Iraq’s top Cleric Sistani calls for political pluralism and peaceful transfer of power in the country through the upcoming parliamentary elections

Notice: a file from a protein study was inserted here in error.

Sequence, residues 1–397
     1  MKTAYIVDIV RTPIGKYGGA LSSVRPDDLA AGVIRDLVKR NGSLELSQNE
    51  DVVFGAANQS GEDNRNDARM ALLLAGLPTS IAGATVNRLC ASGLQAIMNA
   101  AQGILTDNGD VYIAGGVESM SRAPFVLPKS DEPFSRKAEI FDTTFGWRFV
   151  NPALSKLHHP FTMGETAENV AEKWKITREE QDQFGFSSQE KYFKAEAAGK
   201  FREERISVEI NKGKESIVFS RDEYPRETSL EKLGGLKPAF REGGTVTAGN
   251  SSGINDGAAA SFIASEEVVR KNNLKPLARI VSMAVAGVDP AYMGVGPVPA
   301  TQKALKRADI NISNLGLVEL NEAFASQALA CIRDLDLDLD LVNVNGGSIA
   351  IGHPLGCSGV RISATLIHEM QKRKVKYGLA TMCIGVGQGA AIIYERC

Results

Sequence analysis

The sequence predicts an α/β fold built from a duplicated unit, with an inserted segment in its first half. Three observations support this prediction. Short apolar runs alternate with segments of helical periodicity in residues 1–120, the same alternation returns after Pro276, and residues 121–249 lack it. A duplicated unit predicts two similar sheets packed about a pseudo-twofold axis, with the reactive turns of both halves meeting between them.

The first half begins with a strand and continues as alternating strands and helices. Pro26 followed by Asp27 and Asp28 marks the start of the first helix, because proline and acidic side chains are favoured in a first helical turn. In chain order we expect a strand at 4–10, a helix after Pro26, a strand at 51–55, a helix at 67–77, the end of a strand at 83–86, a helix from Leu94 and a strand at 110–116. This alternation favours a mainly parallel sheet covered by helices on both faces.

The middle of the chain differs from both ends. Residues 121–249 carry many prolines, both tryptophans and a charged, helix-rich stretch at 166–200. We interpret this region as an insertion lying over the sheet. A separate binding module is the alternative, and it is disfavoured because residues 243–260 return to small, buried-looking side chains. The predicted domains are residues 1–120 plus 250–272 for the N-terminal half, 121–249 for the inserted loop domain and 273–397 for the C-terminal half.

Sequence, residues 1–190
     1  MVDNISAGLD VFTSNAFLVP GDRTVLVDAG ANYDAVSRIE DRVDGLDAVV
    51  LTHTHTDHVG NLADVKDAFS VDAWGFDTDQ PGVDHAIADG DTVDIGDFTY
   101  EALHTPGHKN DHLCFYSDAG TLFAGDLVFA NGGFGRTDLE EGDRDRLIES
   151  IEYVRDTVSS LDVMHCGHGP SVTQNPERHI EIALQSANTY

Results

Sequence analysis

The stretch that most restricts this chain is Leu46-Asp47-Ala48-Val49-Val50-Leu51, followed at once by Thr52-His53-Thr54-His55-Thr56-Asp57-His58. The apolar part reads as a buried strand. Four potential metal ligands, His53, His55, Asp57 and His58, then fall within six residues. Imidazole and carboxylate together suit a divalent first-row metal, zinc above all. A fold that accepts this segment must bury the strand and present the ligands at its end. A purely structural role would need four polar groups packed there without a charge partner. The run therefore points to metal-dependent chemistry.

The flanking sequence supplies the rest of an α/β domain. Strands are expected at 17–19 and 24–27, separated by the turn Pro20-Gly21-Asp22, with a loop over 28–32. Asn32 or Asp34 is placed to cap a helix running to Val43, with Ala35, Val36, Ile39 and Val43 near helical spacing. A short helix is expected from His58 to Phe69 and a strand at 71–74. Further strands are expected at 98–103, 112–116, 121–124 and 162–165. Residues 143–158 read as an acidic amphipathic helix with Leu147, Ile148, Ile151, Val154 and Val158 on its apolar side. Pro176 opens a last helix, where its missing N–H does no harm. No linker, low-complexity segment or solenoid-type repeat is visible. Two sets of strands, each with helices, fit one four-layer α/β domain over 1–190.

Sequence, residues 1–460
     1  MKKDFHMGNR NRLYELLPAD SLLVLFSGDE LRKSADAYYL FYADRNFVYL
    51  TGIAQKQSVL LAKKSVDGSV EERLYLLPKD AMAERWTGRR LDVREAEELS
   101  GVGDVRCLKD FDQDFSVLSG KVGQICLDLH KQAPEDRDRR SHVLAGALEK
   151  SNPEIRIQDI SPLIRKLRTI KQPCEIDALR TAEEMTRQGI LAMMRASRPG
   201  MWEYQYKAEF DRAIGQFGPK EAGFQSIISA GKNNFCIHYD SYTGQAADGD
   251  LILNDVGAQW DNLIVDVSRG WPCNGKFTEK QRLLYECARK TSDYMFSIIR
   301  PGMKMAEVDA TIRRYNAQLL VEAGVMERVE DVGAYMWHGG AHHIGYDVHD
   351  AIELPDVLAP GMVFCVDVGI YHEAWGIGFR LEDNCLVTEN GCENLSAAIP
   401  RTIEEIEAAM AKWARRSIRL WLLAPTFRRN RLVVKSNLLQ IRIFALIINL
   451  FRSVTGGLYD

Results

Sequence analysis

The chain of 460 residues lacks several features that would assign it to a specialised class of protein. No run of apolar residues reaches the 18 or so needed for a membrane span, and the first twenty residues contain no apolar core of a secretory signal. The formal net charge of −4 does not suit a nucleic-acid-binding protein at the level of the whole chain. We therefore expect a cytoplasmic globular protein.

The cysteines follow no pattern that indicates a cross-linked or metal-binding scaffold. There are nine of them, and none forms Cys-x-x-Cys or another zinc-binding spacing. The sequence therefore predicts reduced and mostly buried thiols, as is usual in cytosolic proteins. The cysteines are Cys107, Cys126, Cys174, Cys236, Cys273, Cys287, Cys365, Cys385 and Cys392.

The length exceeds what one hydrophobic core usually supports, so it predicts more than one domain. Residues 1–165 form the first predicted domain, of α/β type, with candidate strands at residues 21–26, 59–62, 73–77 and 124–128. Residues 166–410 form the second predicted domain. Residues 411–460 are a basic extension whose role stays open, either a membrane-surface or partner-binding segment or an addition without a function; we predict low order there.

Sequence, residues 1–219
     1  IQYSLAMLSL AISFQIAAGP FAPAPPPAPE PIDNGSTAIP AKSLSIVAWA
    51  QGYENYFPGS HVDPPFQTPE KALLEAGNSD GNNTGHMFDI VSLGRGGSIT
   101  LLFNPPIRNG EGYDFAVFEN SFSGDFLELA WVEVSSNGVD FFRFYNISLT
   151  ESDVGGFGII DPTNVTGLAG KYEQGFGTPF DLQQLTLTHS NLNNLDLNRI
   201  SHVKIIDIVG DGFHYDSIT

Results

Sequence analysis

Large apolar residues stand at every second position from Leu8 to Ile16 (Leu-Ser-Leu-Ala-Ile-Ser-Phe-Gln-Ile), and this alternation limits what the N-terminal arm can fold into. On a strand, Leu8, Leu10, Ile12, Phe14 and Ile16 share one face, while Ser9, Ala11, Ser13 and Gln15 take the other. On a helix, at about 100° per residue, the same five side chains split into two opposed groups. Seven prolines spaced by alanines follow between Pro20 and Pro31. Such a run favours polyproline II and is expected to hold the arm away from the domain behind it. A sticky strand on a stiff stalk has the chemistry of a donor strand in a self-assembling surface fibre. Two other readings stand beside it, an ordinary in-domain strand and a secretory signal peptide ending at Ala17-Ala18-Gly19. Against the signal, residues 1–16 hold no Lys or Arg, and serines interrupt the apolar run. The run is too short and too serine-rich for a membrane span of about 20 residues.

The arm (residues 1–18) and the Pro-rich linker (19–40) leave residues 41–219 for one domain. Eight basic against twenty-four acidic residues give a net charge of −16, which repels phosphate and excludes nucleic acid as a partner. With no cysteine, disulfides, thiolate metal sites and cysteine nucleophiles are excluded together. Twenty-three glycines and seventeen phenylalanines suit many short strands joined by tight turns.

May 12th, elections are supposed to take place in Iraq. Ali Jawad (ANADOLU AGENCY) notes, "A total of 24 million Iraqis are eligible to cast their ballots to elect members of parliament, who will in turn elect the Iraqi president and prime minister." RUDAW adds, "Around 7,000 candidates have registered to stand in the May 12 poll, with 329 parliamentary seats up for grabs." AFP explains that the nearly 7,000 candidates includes 2014 women. Ali Abdul-Hassan and Sinan Salaheddin (AP) report, "Iraqi women account for 57 percent of Iraq’s population of over 37 million, according to the U.N. Development Program, and despite government efforts to address gender inequality, the situation for Iraqi women has declined steadily since 2003. According to the UNDP, one in every 10 Iraqi households is headed by a widow. In recent years, Iraqi women suffered further economic, social and political marginalization due to decades of wars, conflict, violence and sanctions." RUDAW also notes that 60 Christian candidates are competing for the five allotted minority seats. How do they elect the prime minister? This comes after the general election and is based on who won seats in the election. Abdulrahman al-Rashed (AL ARABIYA) explains, "To win the premiership, a candidate needs to win the majority of the votes, i.e. the votes of 165 MPs out of 329. Since it is a multi-party system, it is almost impossible to win these votes without sealing political alliances. The governorate of Baghdad is the most important one because it is the largest with 69 seats." The chief issues? Mustapha Karkouti (GULF NEWS) identifies them as follows, "Like in previous elections, the main concerns of ordinary Iraqis continue to be the lack of security and the rampant corruption."